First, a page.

How To Scrape a Next.js Site In Seconds Through Hydration Data

Discover efficient web scraping techniques for Next.js sites by leveraging React hydration in this concise tutorial.
3 min read
Scraping dynamic websites with next.js main image

In this tutorial on tricks for scraping Next.js sites, you will learn:

  • What is Next and why it is so popular
  • Why it is easy to scrape Next.js web pages thanks to how React hydration works
  • How to harness React hydration for web scraping

Let’s dive in!

What Is Next.js and How Does It Work?

Next.js is a JavaScript framework built on top of React for building server-side rendered and statically generated websites. It simplifies the development process by providing a rich API and a structured approach to building server-side React applications.

Next.js has gained a lot of popularity over the years, becoming the fifth most used web library according to Statista. This is due to its ease of use, great performance, similarities with React, extensive documentation, and community support. No wonder many large companies and startups choose Next.js for their web development needs.

At a high level, Next.js works by retrieving data on the server and passing it to React components to create pre-rendered HTML documents. This process enhances performance by generating HTML content on the server, which can then be sent to the client for faster initial page loads.

How To Take Advantage of React Hydration for Web Scraping

Hydration bridges the gap between server-side and client-side rendering. In detail, Next.js hydration is the process through which the HTML document generated by Next.js is converted into a fully functioning client-side React application.

During hydration—after the browser loads the HTML page returned by the server—React adds interactivity to the page. Specifically, it attaches event listeners and handles state in the DOM nodes that correspond to the React components rendered on the server.

These are the steps required by React to hydrate a pre-rendered page:

  1. Initial server rendering: The server generates the HTML document with the HTML representation of the React components used on the page.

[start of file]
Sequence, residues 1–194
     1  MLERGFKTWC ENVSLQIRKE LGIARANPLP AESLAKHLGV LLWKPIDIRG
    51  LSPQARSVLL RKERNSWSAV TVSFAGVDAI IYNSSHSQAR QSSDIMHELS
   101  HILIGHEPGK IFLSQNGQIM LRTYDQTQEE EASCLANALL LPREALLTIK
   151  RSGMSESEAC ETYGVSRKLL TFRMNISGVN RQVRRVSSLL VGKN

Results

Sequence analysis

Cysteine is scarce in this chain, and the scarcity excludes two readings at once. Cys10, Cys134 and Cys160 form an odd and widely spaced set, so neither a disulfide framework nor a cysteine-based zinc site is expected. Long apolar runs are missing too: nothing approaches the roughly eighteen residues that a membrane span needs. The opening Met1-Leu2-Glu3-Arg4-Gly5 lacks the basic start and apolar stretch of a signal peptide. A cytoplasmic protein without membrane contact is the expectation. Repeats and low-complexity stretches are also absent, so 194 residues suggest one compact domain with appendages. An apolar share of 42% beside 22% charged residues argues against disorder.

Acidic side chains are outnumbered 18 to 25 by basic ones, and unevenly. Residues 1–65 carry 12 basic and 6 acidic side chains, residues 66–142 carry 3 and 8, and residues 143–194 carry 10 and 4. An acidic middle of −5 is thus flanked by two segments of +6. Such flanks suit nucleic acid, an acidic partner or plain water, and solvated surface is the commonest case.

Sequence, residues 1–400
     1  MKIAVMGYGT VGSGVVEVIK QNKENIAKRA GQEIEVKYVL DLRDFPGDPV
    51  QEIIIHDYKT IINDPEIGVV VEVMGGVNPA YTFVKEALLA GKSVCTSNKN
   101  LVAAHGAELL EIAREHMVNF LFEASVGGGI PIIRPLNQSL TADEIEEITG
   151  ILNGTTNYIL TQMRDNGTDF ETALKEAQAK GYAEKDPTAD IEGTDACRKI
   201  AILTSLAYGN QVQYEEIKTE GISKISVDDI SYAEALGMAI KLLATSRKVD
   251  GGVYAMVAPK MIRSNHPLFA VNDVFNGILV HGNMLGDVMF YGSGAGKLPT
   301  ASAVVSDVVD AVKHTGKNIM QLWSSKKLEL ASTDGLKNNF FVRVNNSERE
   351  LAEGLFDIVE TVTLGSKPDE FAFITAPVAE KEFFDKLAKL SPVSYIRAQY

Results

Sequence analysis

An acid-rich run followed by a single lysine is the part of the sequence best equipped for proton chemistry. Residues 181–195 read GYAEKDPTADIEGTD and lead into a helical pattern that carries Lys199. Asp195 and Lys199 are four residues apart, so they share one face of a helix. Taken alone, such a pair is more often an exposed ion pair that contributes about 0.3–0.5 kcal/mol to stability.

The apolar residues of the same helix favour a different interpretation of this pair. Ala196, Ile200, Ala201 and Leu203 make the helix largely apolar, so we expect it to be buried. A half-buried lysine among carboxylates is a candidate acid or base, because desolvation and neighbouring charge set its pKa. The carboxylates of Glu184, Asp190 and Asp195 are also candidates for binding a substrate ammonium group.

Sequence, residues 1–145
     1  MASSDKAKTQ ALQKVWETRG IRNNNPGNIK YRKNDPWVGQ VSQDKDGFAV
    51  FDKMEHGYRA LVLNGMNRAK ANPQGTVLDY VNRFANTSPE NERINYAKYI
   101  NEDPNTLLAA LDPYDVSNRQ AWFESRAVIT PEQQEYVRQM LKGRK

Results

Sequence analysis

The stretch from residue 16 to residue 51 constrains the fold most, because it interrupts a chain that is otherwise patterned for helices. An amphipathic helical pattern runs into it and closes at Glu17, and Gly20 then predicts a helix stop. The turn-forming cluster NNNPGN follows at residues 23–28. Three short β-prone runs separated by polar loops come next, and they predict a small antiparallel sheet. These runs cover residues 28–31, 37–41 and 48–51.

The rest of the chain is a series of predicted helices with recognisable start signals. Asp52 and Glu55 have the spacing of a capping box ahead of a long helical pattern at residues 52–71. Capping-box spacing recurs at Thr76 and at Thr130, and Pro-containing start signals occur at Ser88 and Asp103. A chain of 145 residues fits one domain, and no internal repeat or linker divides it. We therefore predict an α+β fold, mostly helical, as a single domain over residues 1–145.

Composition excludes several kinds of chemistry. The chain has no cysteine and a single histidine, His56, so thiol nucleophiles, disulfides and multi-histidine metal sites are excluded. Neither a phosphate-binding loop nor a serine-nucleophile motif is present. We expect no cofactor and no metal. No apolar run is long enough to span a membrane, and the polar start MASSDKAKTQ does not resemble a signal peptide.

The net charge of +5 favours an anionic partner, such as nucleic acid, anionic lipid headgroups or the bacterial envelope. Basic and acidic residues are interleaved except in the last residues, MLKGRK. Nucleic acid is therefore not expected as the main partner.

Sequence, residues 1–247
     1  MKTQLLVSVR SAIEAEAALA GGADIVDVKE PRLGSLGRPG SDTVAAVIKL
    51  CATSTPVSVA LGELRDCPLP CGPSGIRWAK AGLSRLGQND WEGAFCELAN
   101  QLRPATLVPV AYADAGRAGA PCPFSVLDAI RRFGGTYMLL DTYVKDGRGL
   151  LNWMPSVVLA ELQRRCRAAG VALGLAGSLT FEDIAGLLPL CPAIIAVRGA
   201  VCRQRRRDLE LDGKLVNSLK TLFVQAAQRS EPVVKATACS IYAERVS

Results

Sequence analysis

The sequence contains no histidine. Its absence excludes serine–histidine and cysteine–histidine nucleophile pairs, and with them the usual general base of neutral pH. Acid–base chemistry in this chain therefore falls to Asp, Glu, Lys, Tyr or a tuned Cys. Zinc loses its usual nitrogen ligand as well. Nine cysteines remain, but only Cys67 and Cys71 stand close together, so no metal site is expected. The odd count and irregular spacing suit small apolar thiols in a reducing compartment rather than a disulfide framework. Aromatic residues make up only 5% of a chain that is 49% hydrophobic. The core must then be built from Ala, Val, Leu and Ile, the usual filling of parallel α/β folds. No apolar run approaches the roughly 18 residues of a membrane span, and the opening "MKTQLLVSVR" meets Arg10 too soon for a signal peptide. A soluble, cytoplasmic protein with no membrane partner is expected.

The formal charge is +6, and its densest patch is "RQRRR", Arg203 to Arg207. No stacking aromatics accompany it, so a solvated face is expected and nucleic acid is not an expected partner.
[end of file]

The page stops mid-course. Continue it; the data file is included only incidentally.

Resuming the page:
2. Client-side JavaScript execution: When the client receives the HTML markup, it runs the JavaScript bundle containing the React code.
  3. Reconciliation: React compares the HTML returned by the server with the virtual DOM representation generated on the fly. Learn more on the official docs.
  4. Hydration: If the two are the same, React completes the rendering by adding event handlers and handling state while reusing as much of the existing DOM as possible.

To perform this operation, React needs the same data used by the server to generate the HTML document. Here is why Next.js adds some special DOM elements containing the props data to the generated page.

On some Next.js sites, you can find this data in the <script> element with the __NEXT_DATA__ ID. This special DOM node contains data in JSON format that React uses for hydration, as follows:

Finding the  __NEXT_DATA__ ID

On recent Next.js sites that utilize the new App Router, hydration data is instead stored in the self.__next_f.push() function calls in multiple <script> nodes:

self.__next_f.push() calls in script nodes

Note that these nodes may contain even more data than what is displayed on the site. How is this possible? Because those hydration elements store all API and database data retrieved from the server during page generation and passed to React components. However, not all attributes of those objects may actually be accessed and used in the components.

Now, it does not matter if you actually understood why that data needs to be there for React to work. What matters is that the web pages generated via Next.js contain the data to be rendered in JSON format within special DOM nodes. As you can imagine, this has huge implications for Nex.js web scraping!